evil that fall to the lot of the whole human family. The experience of all men in all situations of life plainly teaches them, that they cannot comprehend the ways of providence. There is scarcely a day passes, but every person sees something in respect to himself, or in respect to others, which excites his admiration, and surpasses his comprehension. So that scripture, and reason, and universal experience, concur to prove, that God governs the world incomprehensibly; and that his way is in the sea, and his path in the great waters, and his footsteps are not and cannot be known.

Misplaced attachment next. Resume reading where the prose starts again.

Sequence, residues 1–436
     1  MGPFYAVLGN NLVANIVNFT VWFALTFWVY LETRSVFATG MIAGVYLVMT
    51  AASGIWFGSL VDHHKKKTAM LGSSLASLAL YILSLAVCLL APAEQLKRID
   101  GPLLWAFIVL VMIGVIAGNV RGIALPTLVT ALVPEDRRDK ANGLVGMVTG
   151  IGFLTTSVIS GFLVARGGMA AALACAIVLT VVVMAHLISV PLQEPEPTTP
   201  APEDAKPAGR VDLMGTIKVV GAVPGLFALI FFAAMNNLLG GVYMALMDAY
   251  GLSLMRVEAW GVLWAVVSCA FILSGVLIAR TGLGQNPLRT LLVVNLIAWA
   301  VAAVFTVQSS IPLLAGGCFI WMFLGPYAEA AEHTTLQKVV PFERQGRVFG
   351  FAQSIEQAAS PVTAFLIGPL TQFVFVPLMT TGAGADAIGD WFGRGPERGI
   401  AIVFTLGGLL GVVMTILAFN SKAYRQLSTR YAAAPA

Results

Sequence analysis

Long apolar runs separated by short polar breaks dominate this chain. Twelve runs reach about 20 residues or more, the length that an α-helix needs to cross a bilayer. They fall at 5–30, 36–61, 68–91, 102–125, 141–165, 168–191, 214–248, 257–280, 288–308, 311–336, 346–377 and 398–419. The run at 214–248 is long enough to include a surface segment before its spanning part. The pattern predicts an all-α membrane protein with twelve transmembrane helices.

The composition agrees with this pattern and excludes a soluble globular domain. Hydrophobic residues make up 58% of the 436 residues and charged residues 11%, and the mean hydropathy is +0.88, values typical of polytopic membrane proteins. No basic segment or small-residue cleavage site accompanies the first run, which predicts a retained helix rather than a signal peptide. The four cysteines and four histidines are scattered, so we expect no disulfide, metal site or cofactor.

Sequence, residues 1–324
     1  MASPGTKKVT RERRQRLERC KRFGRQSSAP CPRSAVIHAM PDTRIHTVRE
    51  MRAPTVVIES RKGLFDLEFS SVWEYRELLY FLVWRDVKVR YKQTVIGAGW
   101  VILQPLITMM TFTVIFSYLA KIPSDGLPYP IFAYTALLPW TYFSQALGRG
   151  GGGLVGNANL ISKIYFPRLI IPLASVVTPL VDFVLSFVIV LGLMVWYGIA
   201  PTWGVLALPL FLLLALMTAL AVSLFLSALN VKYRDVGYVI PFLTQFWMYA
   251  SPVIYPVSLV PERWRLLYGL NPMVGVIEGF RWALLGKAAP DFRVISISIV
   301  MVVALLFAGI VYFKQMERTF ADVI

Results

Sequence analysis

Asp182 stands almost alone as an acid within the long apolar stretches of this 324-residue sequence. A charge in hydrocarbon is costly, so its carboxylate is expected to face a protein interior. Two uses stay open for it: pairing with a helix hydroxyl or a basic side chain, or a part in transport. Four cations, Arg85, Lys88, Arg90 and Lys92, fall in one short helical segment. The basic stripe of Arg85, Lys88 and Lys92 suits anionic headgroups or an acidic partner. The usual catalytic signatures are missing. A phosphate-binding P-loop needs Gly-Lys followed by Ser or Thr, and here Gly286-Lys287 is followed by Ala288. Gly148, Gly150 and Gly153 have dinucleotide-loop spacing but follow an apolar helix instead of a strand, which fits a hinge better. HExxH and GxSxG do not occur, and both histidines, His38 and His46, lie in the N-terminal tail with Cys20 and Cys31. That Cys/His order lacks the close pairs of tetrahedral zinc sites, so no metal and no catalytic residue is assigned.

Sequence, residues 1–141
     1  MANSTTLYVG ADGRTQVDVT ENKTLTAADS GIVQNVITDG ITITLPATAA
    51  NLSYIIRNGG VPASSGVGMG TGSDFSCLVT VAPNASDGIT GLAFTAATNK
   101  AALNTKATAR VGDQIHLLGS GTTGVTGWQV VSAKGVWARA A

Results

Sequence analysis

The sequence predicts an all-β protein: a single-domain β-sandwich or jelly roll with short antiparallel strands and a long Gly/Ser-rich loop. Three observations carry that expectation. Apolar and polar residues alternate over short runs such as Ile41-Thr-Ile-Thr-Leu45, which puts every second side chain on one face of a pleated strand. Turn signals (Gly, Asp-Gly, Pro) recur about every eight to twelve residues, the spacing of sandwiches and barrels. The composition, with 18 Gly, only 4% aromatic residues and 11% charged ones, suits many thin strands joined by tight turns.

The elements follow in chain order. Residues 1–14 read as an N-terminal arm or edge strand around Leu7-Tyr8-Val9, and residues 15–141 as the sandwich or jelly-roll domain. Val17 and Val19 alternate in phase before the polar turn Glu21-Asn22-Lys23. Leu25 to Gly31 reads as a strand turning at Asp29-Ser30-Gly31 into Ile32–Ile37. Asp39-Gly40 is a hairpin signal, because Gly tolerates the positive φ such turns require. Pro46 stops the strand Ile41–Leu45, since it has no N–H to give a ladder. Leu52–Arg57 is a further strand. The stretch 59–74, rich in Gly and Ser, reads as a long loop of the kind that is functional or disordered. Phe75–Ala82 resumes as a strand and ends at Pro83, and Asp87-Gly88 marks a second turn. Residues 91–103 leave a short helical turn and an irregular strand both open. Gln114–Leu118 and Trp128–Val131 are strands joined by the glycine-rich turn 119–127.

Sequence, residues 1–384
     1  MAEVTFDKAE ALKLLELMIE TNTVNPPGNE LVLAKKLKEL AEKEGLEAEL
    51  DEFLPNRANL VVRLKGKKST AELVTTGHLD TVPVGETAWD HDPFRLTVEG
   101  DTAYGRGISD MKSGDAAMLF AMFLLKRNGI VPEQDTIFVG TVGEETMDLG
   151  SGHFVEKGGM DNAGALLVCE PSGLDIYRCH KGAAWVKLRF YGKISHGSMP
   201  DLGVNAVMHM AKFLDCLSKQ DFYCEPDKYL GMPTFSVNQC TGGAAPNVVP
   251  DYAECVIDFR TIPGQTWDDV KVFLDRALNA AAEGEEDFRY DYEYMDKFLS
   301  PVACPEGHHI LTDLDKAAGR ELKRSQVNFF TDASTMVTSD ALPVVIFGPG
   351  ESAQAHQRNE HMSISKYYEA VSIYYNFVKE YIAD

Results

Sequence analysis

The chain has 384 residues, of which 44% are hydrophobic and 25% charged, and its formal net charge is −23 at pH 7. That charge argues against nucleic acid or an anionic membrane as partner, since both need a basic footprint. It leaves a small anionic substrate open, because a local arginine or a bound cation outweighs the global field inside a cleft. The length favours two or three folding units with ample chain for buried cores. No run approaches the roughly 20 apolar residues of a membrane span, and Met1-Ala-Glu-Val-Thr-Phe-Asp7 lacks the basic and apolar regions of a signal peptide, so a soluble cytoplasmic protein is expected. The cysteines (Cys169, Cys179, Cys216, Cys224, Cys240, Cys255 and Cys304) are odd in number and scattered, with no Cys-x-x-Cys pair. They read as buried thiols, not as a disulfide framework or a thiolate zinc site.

1. If God be incomprehensible in the government of the world, then this is a complete answer to all the objections that have ever been made against his universal providence. It is extremely absurd for any of the creatures of God to complain of his making, preserving and governing them, as he has done. For he has created, preserved and governed them according to the counsel of his own will, or his eternal purpose, which was founded in infinite wisdom and goodness. He has always treated them, in all respects, as well as infinite wisdom and goodness could treat them. And surely there never has been any good ground to object against such treatment as this. But ever since the first apostacy, all mankind have been continually complaining of God, and saying, in their hearts at least, that the ways f the Lord are not equal. They have complained that he ever suffered sin and misery to come into the world; that he has suffered these evils to prevail so much in the world; and that he does more for one than for another, and too little for all. But who, in the whole circle of creation, “hath known the mind of the Lord 2 or who hath been his counsellor 2 " It is as absurd for the highest as for the lowest of his creatures, to call the wisdom or goodness of his providence in question, without knowing the reasons of his conduct, which they cannot possibly know. His absolute incomprehensibility demonstrates that all their objections are founded in profound ignorance. If they knew all the reasons of God's conduct, they might be allowed to examine the ways of his providence; but to presume to examine and censure them, without knowing the infinitely wise and holy reasons upon which they are founded, is criminal folly and presumption. The incomprehensibility of God not only allows but obliges God to act as an absolute sovereign in governing the world. He always sees greater and better reasons for treating every one of mankind in the manner he does, than any which creatures can see for his not treating him so ; and therefore he is under moral obligations to act agreeably to his own perfect wisdom and goodness, rather than to act agreeably to the ignorance or imperfect wisdom and goodness of any of his creatures. It is at first view extremely absurd and criminal for any of mankind to feel or express a single objection or complaint against the perfectly wise, and holy and incomprehensible providence of God. Paul's answer to a particular objection of a particular objector, is sufficient to silence every objection that ever has been or can be made against divine providence. “Who art thou, O man, that repliest against God?” 2. If God be incomprehensible in his providence, then it is as difficult for mankind to know why he bestows favors upon them, as why he takes them away. God is continually filling the earth with his goodness, and bestowing ten thousand favors upon the children of men. But he bestows his favors upon different persons for very different reasons, which none of them can comprehend. While he sends prosperity to some, for their temporal, spiritual and eternal benefit, he sends prosperity to others to destroy them. Though God always has wise and good reasons for dispensing the blessings of providence, yet those who have the largest share of these blessings do not know the reasons why God bestows them upon them, and denies them to others. God both gives and takes away systematically, and his reasons for both originate from his supreme regard to the good of the whole of his intelligent creation, and not from any partiality he feels towards one person rather than another. He is no respecter of persons in giving, denying, or taking away favors. He may give in mercy, or take away in mercy; or he may give in judgment, or take away in judgment. And in all these cases, he has equally wise and good reasons for his conduct; but they are reasons derived from a source which the subjects of his favors and frowns cannot comprehend. Solomon considered, understood and declared all this: “That the righteous, and the wise, and their works, are in the hand of God: no man knoweth either love or hatred by all that is before them. All things come alike to all: there is one event to the righteous and to the wicked.” Mankind are so fond of receiving good at the hand of God, that they seldom inquire why he bestows good upon them; but they are so reluctant to receive evil at the hand of God, that they are very anxious to know why he visits them with evil. It as much concerns them, however, to inquire why he bestows, as why he takes away favors. For the reasons of God's conduct in both cases may be the same. So Job thought and felt; and said, “The Lord gave, and the Lord hath taken away; blessed be